Thursday, August 13, 2020

Office Clean Out

On Tuesday, I finally got around to cleaning out my office, which really hadn't been cleaned since the start of the year.  It's amazing how much crap one can accumulate during a pandemic.  Before you ask, there are no "before" pictures they are just too embarrassing - suffice it to say the papers covering the desk where anywhere from 12 to 18 inches deep and I really couldn't move the chair given the stuff that was "temporarily" stored on the floor.

I'd like to take credit for this amazing act of selfless organizational effort but that would be untrue.  Lets just say the CEO of the household suggested that I should, maybe, clean things up a bit.  You know, one of those offers that couldn't be refused.

I discovered a good number of hobby related items including the Gamecraft bridge kit in the lower left of the picture

In cleaning out my cabinets, I found this really useful manual from 2003.  I don't even remember owning a copy of FrontPage.  There were a lot of other useless stuff I tossed.  In fact I generated 5 large garbage bags of paper that went to the incinerator.

It's really nice to have a clean office and I have pledged to keep it clean and organized from now on.  Betting has commenced on when that last statement is proven to be untrue with the prevailing sentiment being late September of this year.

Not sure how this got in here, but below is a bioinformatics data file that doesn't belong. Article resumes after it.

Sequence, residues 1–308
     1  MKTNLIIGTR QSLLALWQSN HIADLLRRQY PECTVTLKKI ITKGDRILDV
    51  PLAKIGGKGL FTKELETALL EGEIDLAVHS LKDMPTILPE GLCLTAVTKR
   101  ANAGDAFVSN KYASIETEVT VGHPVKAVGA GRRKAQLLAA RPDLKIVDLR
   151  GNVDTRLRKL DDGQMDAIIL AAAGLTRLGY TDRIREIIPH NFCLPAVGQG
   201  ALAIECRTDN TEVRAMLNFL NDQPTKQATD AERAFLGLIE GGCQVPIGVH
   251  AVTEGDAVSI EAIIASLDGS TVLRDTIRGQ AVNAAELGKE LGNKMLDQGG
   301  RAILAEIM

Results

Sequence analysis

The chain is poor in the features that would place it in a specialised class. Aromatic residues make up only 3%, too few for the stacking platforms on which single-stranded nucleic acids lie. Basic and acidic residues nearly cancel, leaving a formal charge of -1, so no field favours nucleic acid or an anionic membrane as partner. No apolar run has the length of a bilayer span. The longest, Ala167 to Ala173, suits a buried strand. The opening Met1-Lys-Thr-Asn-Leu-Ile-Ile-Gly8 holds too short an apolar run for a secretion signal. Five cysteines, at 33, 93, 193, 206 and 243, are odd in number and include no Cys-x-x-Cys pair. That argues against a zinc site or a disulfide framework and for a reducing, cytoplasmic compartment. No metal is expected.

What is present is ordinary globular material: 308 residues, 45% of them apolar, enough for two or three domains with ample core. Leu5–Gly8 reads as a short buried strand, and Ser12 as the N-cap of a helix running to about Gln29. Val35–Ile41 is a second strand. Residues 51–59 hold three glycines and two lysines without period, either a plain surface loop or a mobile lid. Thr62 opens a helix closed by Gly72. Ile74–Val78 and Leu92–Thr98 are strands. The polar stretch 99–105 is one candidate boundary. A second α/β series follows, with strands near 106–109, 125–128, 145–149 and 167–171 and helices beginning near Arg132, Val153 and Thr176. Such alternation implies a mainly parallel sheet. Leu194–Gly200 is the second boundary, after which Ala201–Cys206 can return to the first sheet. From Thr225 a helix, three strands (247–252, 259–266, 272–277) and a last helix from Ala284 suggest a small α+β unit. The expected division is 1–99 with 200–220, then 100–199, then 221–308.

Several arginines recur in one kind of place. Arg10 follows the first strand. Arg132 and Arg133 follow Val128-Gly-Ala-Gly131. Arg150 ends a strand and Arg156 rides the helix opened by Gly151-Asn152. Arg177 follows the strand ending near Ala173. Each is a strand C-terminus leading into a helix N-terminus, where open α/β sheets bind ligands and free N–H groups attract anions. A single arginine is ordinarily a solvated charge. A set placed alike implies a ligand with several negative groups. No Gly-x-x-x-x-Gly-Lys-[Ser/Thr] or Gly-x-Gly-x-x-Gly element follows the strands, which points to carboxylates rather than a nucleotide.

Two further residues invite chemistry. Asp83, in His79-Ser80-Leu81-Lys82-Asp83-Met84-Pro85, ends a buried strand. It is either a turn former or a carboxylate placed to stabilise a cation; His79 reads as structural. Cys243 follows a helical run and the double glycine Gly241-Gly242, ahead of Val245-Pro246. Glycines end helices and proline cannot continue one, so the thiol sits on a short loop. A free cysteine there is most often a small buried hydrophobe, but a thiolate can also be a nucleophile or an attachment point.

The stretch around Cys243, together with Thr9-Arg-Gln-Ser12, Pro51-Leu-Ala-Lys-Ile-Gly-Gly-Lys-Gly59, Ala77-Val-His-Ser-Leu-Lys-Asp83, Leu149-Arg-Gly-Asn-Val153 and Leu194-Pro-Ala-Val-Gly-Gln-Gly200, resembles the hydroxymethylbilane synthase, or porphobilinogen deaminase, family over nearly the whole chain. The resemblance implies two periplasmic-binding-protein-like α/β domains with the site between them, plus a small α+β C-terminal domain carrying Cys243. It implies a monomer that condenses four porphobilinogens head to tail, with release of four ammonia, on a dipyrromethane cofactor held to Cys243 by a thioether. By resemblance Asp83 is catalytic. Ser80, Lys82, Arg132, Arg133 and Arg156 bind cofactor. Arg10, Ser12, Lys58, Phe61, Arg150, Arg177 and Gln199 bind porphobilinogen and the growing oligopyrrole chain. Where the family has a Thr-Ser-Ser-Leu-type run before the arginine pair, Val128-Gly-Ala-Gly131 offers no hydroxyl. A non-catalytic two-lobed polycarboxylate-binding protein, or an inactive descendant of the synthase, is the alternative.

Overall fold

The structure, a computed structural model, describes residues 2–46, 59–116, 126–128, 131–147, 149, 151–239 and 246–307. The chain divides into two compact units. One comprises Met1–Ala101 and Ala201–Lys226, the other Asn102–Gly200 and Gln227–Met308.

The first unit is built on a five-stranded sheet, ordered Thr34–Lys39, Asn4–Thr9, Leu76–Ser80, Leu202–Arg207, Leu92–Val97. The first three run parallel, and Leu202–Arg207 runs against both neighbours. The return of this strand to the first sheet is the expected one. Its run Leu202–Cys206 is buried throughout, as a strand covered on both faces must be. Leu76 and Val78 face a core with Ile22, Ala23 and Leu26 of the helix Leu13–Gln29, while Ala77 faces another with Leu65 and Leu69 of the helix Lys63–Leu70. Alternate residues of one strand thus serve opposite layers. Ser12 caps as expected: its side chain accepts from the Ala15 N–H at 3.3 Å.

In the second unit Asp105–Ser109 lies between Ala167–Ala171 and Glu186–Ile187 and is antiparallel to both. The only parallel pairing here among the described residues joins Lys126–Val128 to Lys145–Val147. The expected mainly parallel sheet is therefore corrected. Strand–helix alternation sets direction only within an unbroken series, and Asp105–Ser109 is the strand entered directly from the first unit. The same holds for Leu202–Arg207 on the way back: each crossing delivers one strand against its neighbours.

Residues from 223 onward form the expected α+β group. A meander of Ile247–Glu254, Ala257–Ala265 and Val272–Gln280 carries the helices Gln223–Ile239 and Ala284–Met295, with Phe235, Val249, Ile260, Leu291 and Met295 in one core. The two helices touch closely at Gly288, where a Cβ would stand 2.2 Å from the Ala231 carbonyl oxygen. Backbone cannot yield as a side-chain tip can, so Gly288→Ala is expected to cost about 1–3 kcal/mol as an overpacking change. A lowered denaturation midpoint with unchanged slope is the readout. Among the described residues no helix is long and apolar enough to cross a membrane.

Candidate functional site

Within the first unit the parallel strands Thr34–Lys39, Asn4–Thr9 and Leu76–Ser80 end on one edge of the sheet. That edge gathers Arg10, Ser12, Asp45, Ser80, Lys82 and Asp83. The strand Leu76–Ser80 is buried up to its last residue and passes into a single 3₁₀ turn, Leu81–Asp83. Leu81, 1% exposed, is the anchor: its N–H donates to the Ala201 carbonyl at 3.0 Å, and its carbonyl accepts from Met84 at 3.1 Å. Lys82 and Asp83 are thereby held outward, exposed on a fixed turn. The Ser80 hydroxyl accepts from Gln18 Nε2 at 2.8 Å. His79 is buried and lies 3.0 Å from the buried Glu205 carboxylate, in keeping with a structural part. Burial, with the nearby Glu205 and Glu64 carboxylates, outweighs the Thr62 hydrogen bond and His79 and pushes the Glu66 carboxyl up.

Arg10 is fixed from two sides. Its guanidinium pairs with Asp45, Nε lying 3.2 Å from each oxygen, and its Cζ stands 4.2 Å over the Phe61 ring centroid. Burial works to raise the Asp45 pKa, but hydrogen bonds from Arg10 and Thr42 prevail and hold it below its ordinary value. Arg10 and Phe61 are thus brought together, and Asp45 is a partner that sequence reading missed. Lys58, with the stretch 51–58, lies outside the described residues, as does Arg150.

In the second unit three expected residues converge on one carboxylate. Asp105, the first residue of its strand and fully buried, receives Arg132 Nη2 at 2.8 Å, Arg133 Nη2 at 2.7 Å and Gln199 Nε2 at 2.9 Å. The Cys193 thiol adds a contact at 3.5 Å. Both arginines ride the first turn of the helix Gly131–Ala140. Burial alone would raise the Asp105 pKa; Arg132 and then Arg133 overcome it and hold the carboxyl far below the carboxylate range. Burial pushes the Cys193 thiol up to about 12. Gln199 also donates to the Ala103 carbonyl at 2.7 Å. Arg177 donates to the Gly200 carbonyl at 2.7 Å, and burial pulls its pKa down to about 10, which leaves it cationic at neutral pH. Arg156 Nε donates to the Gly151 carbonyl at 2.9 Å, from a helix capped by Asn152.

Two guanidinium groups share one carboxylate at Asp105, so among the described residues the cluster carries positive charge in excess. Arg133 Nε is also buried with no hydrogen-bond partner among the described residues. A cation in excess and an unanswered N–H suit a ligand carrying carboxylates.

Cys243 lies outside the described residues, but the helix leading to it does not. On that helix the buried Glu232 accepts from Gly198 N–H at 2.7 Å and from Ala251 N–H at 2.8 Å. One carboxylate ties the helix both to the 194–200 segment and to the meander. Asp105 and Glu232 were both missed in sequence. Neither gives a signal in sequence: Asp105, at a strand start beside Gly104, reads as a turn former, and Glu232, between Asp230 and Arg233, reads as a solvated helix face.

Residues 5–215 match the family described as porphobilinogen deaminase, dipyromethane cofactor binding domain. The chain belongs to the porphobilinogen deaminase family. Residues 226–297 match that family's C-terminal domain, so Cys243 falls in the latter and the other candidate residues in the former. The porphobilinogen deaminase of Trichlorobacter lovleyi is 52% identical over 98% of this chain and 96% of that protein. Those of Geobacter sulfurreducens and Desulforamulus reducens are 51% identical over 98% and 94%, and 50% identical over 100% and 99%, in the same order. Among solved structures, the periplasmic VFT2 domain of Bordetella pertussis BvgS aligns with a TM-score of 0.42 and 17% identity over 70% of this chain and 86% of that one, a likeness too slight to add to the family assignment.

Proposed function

Monday, August 10, 2020

More Hex Terrain: Major Rivers and Forrest Testing

 The major river hexes I need for "Secret Project 12AZ36" are pretty much finished and I've laid them out on the table.  Ignore the hexes in-between the rivers as they are more for spacing purposes.
Whew - I made enough plus 6 extra.  Usually in these type of projects I make too few and need to add.

Why are a handful of hexes not fully done?  I suspect there will be some form of special terrain there...
 I like the look of the hexes but also see I need to pay more attention to flocking the edges.
And the progress to date.  I have really enjoyed making these hexes and look forward to a lot more.  One of the more enjoyable aspects is each hobby session can result in some finished hexes - as they are small at 4" across flat side to flat side.  Most terrain projects tend to drag on over multiple sessions so that sense of accomplishment is often delayed.  Equally positive is one also fails fast, which is just as good.